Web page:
L: 32.5 W: 9 H: 24.25 Inches
Display this beautiful SS Gaelic - a steamship of the White Star Line that was built by shipbuilders Harland and Wolff of Belfast right in your own home or office!
Master craftsmen using historical photographs, drawings or original plans meticulously handcraft these highly detailed wood models from scratch. They are built to scale with high-grade wood such as: western red cedar, rosewood, and mahogany. They are 100% hand built individually using plank-on-frame construction method and are similar to the building of actual ships. Each model requires hundreds of hours to finish and must go through a demanding quality control process before leaving the workshop.
The SS Gaelic model features plank on frame, two decks, and four rows of metal pin and wood stripes on each side of the ship. The four large masts are connected securely using advanced rigging and lines painstakingly knotted and fastened by hand. Three lower yard has an attached hand-stitched rolled-up sails made of fine linen. Metal anchors and a wooden rudder are visible on the front and rear of the ship. On the deck, there are authentic hand-built lifeboats with ribs and planks, metal steering wheel, smoke stack and windlass, captain’s dining and sleeping cabin, and many other handcrafted ornaments.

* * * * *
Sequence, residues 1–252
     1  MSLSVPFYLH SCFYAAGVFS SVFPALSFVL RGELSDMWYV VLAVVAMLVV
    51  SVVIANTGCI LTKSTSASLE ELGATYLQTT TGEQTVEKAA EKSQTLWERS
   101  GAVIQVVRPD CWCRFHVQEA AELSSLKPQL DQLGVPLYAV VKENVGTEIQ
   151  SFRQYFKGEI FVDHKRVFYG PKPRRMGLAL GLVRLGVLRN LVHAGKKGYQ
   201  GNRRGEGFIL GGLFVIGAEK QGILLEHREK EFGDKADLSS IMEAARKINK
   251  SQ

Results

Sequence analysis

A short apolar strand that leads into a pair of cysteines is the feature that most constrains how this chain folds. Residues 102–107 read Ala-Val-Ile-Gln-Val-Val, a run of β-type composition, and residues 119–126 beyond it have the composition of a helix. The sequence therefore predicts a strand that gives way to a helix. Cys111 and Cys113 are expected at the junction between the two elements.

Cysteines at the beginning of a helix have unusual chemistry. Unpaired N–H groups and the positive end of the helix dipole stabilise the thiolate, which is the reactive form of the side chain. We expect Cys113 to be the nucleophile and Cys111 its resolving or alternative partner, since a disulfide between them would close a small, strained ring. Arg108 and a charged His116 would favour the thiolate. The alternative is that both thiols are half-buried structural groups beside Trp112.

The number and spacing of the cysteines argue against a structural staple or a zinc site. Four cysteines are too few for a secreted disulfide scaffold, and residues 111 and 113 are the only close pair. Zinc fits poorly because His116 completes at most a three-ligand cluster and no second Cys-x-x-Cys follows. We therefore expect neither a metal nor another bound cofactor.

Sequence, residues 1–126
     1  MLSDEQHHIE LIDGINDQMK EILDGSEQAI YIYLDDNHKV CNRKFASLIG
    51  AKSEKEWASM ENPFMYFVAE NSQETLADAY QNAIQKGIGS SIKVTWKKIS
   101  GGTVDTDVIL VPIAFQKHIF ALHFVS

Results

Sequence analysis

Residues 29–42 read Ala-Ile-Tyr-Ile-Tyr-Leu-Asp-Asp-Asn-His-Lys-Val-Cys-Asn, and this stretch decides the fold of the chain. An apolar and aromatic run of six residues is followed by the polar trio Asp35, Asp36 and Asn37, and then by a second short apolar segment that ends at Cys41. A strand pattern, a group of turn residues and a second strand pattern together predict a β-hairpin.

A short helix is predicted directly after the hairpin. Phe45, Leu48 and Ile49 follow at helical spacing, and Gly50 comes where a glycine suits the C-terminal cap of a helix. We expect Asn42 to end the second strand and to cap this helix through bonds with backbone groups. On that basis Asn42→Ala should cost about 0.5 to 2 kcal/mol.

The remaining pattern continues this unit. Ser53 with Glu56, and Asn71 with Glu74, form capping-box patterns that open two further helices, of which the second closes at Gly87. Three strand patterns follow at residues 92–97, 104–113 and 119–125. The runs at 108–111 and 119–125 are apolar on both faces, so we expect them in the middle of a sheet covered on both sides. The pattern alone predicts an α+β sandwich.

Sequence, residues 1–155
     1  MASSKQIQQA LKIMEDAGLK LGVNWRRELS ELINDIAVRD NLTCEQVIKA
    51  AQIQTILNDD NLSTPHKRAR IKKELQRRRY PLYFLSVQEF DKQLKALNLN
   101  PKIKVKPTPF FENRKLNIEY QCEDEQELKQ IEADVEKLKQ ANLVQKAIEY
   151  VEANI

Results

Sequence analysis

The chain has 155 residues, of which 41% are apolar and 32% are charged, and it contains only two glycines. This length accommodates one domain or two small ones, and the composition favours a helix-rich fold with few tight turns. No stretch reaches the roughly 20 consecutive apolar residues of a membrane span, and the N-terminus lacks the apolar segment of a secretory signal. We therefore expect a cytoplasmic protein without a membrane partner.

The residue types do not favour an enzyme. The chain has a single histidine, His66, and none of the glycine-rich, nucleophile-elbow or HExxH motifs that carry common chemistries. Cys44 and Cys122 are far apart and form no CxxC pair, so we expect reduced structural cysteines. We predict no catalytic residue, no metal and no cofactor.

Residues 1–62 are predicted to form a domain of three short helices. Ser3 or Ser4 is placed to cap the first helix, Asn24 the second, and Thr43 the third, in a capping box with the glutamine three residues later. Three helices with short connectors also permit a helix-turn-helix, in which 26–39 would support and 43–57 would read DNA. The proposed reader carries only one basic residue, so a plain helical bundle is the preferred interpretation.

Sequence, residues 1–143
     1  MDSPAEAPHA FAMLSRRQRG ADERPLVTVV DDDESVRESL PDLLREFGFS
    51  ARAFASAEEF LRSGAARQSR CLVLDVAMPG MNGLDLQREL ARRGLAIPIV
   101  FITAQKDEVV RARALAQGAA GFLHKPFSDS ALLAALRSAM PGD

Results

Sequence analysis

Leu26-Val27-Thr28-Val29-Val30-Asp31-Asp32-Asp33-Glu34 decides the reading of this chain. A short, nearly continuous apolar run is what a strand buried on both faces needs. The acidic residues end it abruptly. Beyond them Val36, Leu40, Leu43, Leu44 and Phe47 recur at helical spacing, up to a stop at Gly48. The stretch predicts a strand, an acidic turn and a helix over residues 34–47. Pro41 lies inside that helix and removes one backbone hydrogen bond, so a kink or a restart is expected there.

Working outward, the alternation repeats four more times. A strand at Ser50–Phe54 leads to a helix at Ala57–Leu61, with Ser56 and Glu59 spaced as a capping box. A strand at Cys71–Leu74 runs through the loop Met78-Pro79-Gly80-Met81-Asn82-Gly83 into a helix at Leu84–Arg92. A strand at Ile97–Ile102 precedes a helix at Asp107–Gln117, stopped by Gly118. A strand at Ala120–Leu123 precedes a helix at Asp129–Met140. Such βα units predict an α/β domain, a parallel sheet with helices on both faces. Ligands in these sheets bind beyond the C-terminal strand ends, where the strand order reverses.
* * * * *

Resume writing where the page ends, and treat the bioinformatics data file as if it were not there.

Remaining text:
This model comes standard with a solid wood base and brass nameplate. It’ll make a perfect gift for home or office decorator, boat enthusiast or passionate collector.
The SS Gaelic was built by Harland & Wolff of Belfast, Northern Ireland, for the White Star Line and weighed 4,206 tons. The maiden voyage was on February 28, 1885, and the ship made Pacific crossings for the Occidental & Oriental Steamship Co., from 1885 to 1904. The passage of 102 Korean immigrants to Hawaii began on December 29, 1902 in Nagasaki, Japan, and ended on January 13, 1903, when the ship arrived in Honolulu. The Gaelic was refitted by Harland & Wolff in 1905 and sold to the Pacific Steam Navigation Co. in the same year and renamed Callao, but was retired and broken up in 1907.